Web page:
On Christmas Night 1989, a Yankee legend was killed in a car crash. Billy Martin died on December 25, 1989 when the pickup truck he was in crashed on an icy road in upstate New York.
He was 61 years old.
It was a sudden ending for a man full of life and controversy, whose baseball career had begun 40 years earlier. From fresh-faced rookie to embattled manager, Billy Martin baseball cards tell the story of an eventful career.
Known better as a manager than as a player, Martin was hired and fired five times as the Yankees skipper, often butting heads with the equally tempestuous owner, George Steinbrenner. Their on again, off again relationship even became the stuff of beer commercials.
He’d already managed the Twins, Tigers and Rangers before he returned to New York.
In 1949 when Martin was a member of the Oakland Oaks, a AAA Pacific Coast League team with no affiliation, he was pictured on the unnumbered Remar Baking issue. The company issued several sets in northern California from 1946-1950, but the Billy Martin pre-rookie card might just be the most popular. Believe it or not, it is actually cheaper than his big league rookie card as it can be had for less for well under $100 in EX or EX/NM condition.
The card released in 1952 Topps three years later that many consider to be his rookie card (#175) may be found for around $200 in EX condition, but high-end examples run into the thousands.
A year later, Martin was depicted on a great-looking posed Bowman card (#93) alongside Hall of Famer and defensive whiz Phil Rizzuto. Both Rizzuto (#10) and Martin (#1) have their numbers retired by the New York Yankees, so it is no wonder why this card often goes for $150 and up, depending on grade.
In 1954, Martin appeared not only in the Topps and Bowman issues but also on the Red Heart Dog Food set. Quality examples are usually under $200.
Like all players, Martin’s cards get cheaper every year that he played. From 1958 onward, the vast majority of his cards can be found ungraded for less than $15. The 1961 Post Cereal card he was featured on (#190) depicts his move to the Cincinnati Reds and is just a few dollars despite the fact that far less of them exist than their Topps counterparts.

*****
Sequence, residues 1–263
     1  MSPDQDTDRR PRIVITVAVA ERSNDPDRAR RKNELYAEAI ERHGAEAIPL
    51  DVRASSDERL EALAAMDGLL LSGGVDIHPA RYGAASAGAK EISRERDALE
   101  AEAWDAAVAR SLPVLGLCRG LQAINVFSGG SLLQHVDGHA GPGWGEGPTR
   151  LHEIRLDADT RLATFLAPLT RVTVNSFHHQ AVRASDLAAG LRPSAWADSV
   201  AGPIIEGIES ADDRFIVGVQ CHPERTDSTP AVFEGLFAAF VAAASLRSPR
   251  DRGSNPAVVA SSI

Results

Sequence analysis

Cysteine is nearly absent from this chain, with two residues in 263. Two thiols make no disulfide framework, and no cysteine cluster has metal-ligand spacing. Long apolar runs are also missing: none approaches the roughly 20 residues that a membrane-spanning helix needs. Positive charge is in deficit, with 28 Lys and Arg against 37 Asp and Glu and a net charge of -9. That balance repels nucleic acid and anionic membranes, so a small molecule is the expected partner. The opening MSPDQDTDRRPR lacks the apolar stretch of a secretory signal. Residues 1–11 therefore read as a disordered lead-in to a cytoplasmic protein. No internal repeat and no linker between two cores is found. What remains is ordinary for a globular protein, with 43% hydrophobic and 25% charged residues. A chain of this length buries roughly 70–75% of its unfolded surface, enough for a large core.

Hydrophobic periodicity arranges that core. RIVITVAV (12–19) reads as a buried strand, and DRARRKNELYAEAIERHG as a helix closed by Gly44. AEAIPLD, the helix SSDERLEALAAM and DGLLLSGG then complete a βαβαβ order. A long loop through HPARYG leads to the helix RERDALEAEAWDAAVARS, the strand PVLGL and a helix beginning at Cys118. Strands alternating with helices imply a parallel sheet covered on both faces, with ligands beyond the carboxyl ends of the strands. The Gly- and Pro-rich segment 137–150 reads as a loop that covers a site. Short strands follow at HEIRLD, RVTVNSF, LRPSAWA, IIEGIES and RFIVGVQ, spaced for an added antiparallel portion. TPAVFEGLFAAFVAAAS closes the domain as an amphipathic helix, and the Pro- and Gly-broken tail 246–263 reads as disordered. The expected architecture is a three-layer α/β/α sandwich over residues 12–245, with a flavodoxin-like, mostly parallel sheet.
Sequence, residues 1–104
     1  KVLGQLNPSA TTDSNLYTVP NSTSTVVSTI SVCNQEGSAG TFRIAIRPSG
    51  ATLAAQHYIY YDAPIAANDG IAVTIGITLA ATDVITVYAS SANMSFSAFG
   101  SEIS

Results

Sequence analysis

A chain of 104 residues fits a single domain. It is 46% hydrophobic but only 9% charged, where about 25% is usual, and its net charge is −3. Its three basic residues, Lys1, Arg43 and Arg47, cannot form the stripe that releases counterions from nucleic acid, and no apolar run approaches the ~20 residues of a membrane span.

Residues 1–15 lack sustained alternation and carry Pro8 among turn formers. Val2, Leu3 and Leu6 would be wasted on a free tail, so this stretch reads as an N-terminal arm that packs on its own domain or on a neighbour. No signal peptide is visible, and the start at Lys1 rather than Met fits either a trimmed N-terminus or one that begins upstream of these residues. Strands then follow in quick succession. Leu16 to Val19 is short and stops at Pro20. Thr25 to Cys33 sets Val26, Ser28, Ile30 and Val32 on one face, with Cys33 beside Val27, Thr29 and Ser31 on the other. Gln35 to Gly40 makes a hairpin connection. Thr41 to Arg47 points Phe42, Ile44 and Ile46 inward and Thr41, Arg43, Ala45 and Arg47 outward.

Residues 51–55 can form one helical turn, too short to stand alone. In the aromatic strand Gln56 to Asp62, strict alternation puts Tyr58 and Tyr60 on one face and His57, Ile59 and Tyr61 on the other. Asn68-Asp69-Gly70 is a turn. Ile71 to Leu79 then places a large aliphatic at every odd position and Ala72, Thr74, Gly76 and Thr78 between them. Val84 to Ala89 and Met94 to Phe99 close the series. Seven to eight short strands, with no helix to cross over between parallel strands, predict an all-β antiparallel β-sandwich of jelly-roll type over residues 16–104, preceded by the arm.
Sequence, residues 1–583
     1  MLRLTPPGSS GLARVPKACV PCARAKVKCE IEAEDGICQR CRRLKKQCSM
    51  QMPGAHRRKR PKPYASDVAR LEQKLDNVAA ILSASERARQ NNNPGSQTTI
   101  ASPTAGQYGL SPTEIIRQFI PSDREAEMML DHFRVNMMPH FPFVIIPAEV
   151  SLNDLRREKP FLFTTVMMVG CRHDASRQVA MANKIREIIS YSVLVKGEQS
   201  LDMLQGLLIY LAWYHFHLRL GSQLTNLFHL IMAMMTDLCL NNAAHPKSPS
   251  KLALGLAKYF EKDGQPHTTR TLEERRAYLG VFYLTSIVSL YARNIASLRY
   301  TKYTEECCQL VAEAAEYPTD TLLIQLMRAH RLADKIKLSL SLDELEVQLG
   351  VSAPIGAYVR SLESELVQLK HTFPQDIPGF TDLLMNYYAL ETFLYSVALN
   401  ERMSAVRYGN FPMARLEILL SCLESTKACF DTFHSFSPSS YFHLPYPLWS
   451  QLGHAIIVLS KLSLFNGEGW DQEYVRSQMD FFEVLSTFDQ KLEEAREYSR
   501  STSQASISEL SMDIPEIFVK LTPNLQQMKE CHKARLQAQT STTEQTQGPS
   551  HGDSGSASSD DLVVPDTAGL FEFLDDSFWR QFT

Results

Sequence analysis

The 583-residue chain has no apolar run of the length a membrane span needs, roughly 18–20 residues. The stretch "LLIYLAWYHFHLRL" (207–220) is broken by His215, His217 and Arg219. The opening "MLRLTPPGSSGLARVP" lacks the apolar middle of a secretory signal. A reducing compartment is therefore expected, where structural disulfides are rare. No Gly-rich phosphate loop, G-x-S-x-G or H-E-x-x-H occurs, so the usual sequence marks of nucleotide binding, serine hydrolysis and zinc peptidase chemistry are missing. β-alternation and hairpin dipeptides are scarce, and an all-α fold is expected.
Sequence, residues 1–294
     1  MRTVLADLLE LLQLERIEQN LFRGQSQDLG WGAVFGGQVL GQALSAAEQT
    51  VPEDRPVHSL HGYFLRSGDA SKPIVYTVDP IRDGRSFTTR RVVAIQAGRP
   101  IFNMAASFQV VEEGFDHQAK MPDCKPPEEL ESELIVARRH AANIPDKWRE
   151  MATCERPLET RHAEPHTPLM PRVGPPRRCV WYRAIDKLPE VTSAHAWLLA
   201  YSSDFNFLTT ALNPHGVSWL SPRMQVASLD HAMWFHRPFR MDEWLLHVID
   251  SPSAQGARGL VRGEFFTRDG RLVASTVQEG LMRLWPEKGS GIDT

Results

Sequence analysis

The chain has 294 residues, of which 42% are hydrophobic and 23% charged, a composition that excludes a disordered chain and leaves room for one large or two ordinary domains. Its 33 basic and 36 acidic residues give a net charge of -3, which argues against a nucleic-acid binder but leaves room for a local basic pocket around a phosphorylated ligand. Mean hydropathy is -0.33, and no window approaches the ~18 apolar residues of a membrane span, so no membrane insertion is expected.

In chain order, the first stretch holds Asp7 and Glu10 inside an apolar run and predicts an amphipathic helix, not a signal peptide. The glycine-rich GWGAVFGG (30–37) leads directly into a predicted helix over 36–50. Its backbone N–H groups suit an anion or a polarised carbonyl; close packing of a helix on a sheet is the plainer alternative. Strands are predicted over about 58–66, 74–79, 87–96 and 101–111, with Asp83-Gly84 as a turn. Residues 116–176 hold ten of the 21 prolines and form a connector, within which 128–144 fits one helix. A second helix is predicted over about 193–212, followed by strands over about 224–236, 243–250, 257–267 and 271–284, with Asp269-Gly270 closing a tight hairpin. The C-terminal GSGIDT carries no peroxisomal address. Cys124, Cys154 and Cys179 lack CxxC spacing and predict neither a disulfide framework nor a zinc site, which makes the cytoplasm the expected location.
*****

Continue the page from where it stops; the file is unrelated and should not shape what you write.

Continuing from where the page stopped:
For those who are not big spenders but still want a card of Martin, fear not. There are plenty of affordable options. He began his managerial career in 1969 as a member of the Minnesota Twins. His 1969 Topps card (#547) is his managerial rookie card and an excellent pickup. A nice example shouldn’t cost more than $5-10. Anything mid 1970’s and beyond of Martin should be available for a dollar or two.
No stranger to controversy, one of Martin’s more well-known cards among collectors is Bill Ripken-esque to say the least. In this 1972 Topps card (#33) from his time as manager of the Detroit Tigers, he is bracing himself on a bat, with middle finger extended. Whether there was any truly offense being attempted, whether it was an attempt at humor or whether that’s just the way he had placed his hand isn’t definitively known but considering Martin’s fiery nature, it’s not a stretch to imagine he was making a statement. Martin’s ‘bird’ and his In Action card from that year, which shows him arguing with an ump, are must haves for collectors who like uniqueness.
In the early 1980s, between the on again, off again tenure in New York, Martin returned to his native Bay Area and managed the A’s,
As an MLB All-Star who both played and managed for the New York Yankees, remake cards and tribute cards are plentiful for Martin. Whether it be in the 2000 Upper Deck Yankees Legends set or in the 2003 Flair Greats set, there is no shortage of Martin cards issued since his death, although most come from the early part of the 2000’s when such sets were among the most popular.
Even though he passed on 25 years ago, autographs of Billy Martin are not exactly a tough find or too expensive for that matter either. PSA certified signed cards of his run are under $100, making him a natural pickup for any die-hard Yankees fan.